Almost 70% of hospitalized patients require a peripheral intravenous catheter (PIV), yet up to 69% of PIVs fail prior to completion of therapy, due to reasons such as partial dislodgement or accidental removal. The following study, carried out by the AVATAR (Group in Queensland, found that amongst a wide list of variables, additional securements of PICC lines were associated with less PICC failure.
More specifically, researchers significantly associated additional securement products with fewer issues. These included vein wall irritation/inflammation, blockage, IV fluids entering surrounding tissue, partial dislodgement or accidental removal, leakage, and infection. PICC failure was 17% phlebitis, 14% occlusion/ infiltration, and 10% dislodgement, with some PIVs exhibiting multiple concurrent complications.
The AVATAR (Alliance for Vascular Access Teaching and Research) Group, based in Queensland, is a respected independent research group specializing in highly credible scientific vascular access device research. AVATAR undertakes a significant program of clinical trials, laboratory, systematic review and knowledge translation research. The aim is to improve health services and patient outcomes. Secondly, to rigorously and independently test products and practices. Thirdly, to promote local and global networks.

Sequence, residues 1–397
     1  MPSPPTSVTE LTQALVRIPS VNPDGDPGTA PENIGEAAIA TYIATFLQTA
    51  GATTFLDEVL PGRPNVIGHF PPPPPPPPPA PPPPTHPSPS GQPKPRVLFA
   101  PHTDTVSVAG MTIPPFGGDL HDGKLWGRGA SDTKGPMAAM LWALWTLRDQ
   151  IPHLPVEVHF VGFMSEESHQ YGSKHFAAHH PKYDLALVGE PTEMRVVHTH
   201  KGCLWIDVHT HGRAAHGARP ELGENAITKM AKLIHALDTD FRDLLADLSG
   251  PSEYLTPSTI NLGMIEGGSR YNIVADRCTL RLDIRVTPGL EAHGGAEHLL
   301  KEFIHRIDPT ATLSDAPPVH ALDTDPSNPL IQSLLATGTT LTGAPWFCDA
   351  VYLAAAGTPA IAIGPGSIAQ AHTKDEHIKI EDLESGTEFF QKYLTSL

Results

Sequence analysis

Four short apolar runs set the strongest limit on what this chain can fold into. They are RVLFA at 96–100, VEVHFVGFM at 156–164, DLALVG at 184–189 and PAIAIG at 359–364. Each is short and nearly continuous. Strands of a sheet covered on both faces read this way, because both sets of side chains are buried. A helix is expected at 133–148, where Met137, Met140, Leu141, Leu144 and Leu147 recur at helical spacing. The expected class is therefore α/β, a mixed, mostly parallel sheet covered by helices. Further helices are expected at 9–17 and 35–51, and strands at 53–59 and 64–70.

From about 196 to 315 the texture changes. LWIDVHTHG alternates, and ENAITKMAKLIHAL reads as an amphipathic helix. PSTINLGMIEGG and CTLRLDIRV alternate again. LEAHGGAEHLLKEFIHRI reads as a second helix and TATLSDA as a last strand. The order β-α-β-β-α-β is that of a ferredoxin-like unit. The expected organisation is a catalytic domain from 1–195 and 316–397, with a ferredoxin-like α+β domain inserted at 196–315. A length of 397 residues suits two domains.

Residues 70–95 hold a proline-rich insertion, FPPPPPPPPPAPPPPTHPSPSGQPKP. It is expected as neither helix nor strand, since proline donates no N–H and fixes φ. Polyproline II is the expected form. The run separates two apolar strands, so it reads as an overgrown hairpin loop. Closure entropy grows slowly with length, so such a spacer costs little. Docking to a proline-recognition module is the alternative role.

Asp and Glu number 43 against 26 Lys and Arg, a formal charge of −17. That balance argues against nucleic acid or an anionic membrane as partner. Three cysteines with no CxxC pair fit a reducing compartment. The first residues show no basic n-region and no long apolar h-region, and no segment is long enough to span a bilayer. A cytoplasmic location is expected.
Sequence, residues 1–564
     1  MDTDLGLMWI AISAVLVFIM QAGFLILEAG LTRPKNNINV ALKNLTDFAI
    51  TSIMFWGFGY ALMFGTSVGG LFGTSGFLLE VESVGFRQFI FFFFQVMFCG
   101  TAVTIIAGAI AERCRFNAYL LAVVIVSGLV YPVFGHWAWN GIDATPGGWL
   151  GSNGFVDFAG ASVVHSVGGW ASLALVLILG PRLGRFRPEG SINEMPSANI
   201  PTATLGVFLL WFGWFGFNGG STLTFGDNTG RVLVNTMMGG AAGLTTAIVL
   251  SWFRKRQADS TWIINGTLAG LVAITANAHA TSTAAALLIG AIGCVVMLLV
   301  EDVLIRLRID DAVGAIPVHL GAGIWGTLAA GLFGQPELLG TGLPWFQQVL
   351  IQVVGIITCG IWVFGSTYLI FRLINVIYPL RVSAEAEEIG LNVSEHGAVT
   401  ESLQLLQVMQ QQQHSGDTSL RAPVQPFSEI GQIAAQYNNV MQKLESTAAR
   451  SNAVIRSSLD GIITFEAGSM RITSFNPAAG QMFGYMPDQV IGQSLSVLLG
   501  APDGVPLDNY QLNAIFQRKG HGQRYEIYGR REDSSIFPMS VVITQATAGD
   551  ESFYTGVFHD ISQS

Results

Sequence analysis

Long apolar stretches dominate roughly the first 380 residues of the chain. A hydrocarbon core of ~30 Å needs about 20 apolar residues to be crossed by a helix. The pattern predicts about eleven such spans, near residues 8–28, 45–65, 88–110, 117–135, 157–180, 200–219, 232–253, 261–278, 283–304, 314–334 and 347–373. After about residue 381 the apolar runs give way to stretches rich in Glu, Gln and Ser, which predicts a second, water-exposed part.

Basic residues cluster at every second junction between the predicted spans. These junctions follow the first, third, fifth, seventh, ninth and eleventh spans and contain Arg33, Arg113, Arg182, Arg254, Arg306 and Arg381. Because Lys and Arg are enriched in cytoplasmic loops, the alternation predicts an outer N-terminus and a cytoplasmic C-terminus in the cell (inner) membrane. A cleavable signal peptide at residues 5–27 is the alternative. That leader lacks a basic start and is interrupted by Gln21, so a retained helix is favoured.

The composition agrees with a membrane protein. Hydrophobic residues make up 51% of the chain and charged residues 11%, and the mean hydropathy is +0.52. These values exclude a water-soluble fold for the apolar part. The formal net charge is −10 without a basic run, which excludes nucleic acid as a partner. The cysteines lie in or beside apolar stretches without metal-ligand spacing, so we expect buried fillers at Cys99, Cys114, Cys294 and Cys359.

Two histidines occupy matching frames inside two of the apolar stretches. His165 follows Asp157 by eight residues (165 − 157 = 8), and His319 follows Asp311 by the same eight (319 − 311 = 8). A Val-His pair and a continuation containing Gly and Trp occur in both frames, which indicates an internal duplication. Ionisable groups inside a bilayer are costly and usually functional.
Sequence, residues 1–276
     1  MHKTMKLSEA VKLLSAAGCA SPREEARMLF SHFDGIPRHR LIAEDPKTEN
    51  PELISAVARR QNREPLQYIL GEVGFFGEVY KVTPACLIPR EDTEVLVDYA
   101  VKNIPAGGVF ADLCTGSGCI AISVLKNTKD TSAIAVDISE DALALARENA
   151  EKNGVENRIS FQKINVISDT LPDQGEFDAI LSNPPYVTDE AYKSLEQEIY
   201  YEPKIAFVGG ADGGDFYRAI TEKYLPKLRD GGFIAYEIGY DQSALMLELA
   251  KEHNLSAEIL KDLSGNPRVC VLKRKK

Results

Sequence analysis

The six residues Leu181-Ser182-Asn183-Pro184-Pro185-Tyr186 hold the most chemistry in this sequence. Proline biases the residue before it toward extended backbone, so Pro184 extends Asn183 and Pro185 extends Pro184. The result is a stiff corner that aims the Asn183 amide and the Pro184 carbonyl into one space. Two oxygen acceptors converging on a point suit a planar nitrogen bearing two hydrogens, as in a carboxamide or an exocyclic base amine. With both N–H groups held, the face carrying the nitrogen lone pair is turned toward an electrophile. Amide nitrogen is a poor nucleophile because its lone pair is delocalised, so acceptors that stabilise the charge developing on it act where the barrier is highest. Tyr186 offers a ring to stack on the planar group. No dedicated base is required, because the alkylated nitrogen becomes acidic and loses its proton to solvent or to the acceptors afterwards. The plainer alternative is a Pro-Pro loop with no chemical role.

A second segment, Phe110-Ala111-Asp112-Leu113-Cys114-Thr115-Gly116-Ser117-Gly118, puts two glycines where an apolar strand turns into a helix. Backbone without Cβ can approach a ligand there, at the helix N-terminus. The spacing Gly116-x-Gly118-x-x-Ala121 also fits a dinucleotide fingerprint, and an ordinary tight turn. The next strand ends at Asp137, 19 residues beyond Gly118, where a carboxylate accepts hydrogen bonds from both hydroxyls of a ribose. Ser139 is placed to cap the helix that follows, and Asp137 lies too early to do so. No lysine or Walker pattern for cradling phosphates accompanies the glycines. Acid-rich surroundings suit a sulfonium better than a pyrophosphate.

Our team at PICCsox™ first heard of this study from an oral presentation presented by the AVATAR Group. This took place at the 31st Annual Scientific Meeting of the Association for Vascular Access in September 2017 in Phoenix, Arizona. The AVA meeting is one of the biggest Vascular Access conferences in the world. The world’s leading VA specialists are in attendance.